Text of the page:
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Reticuli

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  1. When compared to every other adversary helo in DCS, regardless of whether they're flown by a human or AI.
  2. That gives me a sense of painting plastic model airplanes or doing new liveries for MS flight simulator series, and that's stuff I never got into. Never built & painted model airplanes as a kid and I've got X-Plane modded acfs that literally have no paint job... hah hah. I fixate on how well the helo will work with mass consumer HOTAS & pedals (I'm pretty forgiving of that to a point considering my use of PPJoy & GlovePIE) and can it be used to play effectively in a game that's entertaining & engaging. I mean, if the 3D model from the outside looked ugly or the real thing was manufactured by ISIS wouldn't matter to me. How does it fly, can I fly it naturally with the gear I've got, and can it fight well without being either too dominating or being dominated too much. That sweet balancing act is when you get situations where you just barely succeed through extreme focus and ingenuity, rather than it becoming just boring, rote procedurals. Some of the switchology I can take or leave, actually, as I don't bother with long start-ups or shut-downs. I might even go so far as to say I'd prefer the single-seat version mostly because I'm usually not interested in buddying up or having to change seats frequently. Might... If given a choice and you could do all the functions in the pilot seat of the 52, had the FLIR, etc, then obviously I'd be loving the 52. In EECH 1.16.2 the only reason I am more likely to fly in the 52 than the 50 when I have a choice is because someone tried to replicate DCS BS's drab EO target system and arguably way overdid it to the point you're more likely to find targets with the EECH Ka-50 HMS than with the EO. The weird thing, though, is they're calling it the N model and handicapping it like that with a really washed out FLIR that won't let you lock targets until you're right on top of them and getting shot down. But I digress...
  3. I don't see how multiplayer vs single player has anything to do with it.
  4. I don't see how there's going to be gameplay balance with the existing helos if the DCS Apache gets the Longbow radar.
  5. The 52 would make sense if the Apache gets its radar, but otherwise I'd probably be content with the ka-50 just having better nightvision camera or, better yet, IR on the EO sensor and more predictable target acquisition, especially for airborne ones. The Iglas would be icing on the cake. I also find that helos in general aren't as stealthy at low altitude or near objects as they could be.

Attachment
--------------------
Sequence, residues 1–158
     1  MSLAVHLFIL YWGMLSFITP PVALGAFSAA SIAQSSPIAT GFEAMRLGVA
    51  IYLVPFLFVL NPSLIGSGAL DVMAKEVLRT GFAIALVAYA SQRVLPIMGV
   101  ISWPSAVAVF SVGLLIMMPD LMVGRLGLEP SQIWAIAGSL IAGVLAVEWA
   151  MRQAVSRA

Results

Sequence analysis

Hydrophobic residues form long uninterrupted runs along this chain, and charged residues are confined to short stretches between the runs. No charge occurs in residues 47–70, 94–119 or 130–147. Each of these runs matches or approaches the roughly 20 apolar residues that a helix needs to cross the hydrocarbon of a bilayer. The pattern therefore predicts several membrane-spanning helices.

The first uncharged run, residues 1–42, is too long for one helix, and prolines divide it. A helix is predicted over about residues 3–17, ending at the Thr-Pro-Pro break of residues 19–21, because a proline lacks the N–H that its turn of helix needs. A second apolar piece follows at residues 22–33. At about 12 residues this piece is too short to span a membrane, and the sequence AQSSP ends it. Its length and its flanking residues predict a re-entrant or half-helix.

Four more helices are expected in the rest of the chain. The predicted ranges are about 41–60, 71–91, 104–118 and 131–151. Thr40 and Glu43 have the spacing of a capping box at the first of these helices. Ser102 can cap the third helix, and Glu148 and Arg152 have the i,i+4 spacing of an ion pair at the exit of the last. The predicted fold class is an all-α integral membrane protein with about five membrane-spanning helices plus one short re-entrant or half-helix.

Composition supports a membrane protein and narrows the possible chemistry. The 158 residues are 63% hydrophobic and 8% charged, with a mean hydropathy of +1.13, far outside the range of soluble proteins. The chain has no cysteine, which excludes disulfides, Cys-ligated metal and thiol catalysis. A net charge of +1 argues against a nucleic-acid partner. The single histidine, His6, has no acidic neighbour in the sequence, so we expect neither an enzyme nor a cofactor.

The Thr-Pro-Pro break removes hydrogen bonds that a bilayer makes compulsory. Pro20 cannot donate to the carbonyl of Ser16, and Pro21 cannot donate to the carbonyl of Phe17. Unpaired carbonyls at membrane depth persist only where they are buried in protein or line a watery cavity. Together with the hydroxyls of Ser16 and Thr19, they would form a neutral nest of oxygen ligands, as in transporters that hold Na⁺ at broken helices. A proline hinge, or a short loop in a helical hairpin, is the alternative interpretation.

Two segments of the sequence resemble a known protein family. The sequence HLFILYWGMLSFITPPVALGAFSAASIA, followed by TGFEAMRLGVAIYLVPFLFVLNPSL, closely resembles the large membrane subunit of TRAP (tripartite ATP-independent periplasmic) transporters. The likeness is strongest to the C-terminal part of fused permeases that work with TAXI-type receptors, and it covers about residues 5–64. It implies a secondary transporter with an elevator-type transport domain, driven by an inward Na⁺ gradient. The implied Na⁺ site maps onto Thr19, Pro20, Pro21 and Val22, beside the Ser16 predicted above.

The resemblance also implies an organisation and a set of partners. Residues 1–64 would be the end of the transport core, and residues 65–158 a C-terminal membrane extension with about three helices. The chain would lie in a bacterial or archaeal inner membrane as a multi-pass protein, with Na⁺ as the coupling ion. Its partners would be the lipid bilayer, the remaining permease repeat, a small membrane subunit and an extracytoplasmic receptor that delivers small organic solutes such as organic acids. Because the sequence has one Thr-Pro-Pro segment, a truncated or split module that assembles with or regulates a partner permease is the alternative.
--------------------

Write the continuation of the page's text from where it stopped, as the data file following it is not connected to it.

6. Now I know why I used the word "spring"... because it was previously used in the thread. I really just meant to ask about the centering point. Anyway, controls magnetic lock stuff makes more sense. I'm gathering now that the centering of the pedal tension is therefore moving around on it upon trimmer button release. So you could be 50% to the left, it'd hold that, require more pressure to push past, and tend return to that trimmed spot as you ease up pressure until the trimmer button is held down again when it has no particular favored 'centering' point and just a little resistance to movement. It looks like the only way hardcore players are going to get truly faithful recreation is with a force-feedback cyclic and force-feedback pedals. And I can't even tell for sure if the collective's got something going on, too, as they talk about the system ignoring movement of that within a certain threshold when altitude hold is on. I wouldn't be surprised if its collective gets a centering point during altitude hold and commands level changes like the old Penn State experiments with using a normal joystick for collective with vertical hold in GenHel running on MatLab for FlightGear. Regardless, FFB pedals seems an unlikely market, let alone collectives. Heck, forget faithful recreation, just not being a convoluted mess of a control system is going to be a challenge for the vast majority of people at home. Users are having enough issues with just the Hind, and that's more straightforward. The Blackshark has its quirks, too, just with centering or pressure sticks, and it doesn't even have the complication of a tail rotor and lack of tail-mixing to worry about with centering pedals. I'm definitely thinking ED ought to go with an optional RC/AH & newer-style of yaw modes. That'd certainly be a more useful alternative available control scheme than the 'arcade' mode Blackshark uselessly has. Probably 99% of DCS helo users would go with such new modes. The 1% of users with self-damped pro long-pole cyclics and also pedals without springs can obviously just go into the simulated Apache's MFD menu where you can turn off the force trim system completely, though.